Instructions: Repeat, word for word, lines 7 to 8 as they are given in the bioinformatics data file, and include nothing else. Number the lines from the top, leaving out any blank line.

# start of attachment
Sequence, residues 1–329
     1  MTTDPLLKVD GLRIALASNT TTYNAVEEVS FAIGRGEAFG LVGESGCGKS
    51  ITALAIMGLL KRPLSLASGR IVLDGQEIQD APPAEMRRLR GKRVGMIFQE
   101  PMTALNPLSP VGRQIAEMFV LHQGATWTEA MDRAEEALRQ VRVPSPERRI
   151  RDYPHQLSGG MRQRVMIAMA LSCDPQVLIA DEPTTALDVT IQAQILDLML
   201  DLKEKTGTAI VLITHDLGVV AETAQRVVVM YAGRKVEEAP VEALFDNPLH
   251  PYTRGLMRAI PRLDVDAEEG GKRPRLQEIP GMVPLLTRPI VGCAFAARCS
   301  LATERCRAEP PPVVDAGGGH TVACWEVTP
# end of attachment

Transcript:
   251  PYTRGLMRAI PRLDVDAEEG GKRPRLQEIP GMVPLLTRPI VGCAFAARCS
   301  LATERCRAEP PPVVDAGGGH TVACWEVTP